Today, Republicans got a clear boost in the battle over the debt ceiling, when Standard & Poor’s lowered the U.S. credit outlook to ”negative.” House GOPers pounced on the news as proof that Dems are wrong to push a “clean” vote on raising the debt ceiling without also coupling it with long-term reform.
But there’s another piece of news that broke over the weekend that has largely gotten lost in the shuffle, and it should not go overlooked. The Wall Street Journal reported:
During a recent series of meetings and fund-raisers, top Wall Street executives and lobbyists have urged Republicans to resolve the debt-ceiling debate quickly or risk turmoil in the bond market.
In the sessions, House Speaker John Boehner explained the politics of the vote to investors, telling them Republicans won’t approve an increase in how much the U.S. can borrow without a long-term deficit-reduction plan, according to people familiar with his remarks. In turn, the executives said delaying a resolution could unnerve skittish credit markets.
This seems like it should be big news. Business leaders — a crucial GOP power base — have urged Boehner to hurry up and get this resolved, lest the standoff unnerve markets. But Boehner is telling them that the GOP is standing firm in the quest for a long term plan for cuts. Keep in mind that this goes considerably farther than last week’s Politico piece on this, which only alluded to one or two warnings from executives. The Journal paints executive anxiety as a far broader phenomenon.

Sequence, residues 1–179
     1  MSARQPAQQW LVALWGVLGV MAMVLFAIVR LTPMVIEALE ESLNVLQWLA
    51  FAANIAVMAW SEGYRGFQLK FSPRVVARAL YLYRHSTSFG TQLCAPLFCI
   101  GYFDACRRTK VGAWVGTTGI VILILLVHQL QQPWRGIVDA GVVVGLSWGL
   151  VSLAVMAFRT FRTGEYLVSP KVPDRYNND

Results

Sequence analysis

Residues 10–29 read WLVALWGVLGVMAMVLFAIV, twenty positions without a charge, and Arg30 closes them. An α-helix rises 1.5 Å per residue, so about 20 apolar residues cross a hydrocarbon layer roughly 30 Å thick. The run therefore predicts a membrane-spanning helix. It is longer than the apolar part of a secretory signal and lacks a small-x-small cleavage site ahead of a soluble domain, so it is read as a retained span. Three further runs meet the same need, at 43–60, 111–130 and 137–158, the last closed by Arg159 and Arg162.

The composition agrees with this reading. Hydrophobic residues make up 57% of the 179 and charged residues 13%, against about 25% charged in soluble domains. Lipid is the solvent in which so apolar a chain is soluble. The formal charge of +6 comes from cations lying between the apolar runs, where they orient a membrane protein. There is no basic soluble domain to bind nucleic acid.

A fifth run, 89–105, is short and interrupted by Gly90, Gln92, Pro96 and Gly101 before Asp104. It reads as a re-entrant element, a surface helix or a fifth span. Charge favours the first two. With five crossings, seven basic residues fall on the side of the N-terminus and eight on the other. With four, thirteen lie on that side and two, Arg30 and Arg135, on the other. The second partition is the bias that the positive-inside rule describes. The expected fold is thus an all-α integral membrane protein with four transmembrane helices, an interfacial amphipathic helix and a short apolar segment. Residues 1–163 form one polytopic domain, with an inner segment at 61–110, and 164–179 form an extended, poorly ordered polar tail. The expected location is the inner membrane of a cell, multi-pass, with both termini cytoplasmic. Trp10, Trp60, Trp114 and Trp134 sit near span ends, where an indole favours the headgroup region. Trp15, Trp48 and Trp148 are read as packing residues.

Boehner spokesman Michael Steel, recounting Boehner’s private conversations with executives, told the Journal: “Boehner has said exactly the same thing privately that he says publicly: the American people will not tolerate an increase in the debt limit without addressing the reasons it needs to be raised by cutting spending.”
Last week I reported here that Dems hope to use the debt ceiling as a wedge issue against the GOP. The goal is to divide the GOP’s Wall Street supporters, who think the party’s brinkmanship with the debt ceiling is endangering the economy, from the Tea Party base, which wants Republicans to use the debt ceiling as hostage to extract more spending cuts. Stories like this will help with that strategy.
The S&P story seems to have given Republicans momentum today in the spin wars over the debt ceiling. And in truth, though Timothy Geithner said this weekend that GOP leaders had assured him that they understood the need to raise the debt ceiling, Dems don’t seem to be drawing as hard a line on a “clean” vote as they might have. The moment for doing that convincingly may have passed. Some kind of compromise in which Dems agree to some sort of spending cut framework appears likely. But the fact that the GOP’s brinkmanship is rattling the party’s corporate benefactors seems kind of important, and should be part of the discussion.
UPDATE: A GOP aide argues to me that both sides are engaged in brinkmanship -- that the S & P story shows that the push for a “clean” debt ceiling vote is its own form of dangerous brinkmanship over whether we are going to reach a long term agreement on spending cuts. Also, the GOP aide argues that it’s unfair to describe generic Wall Street executives as the GOP’s “corporate benefactors,” since Dems take a huge amount of corporate cash, too.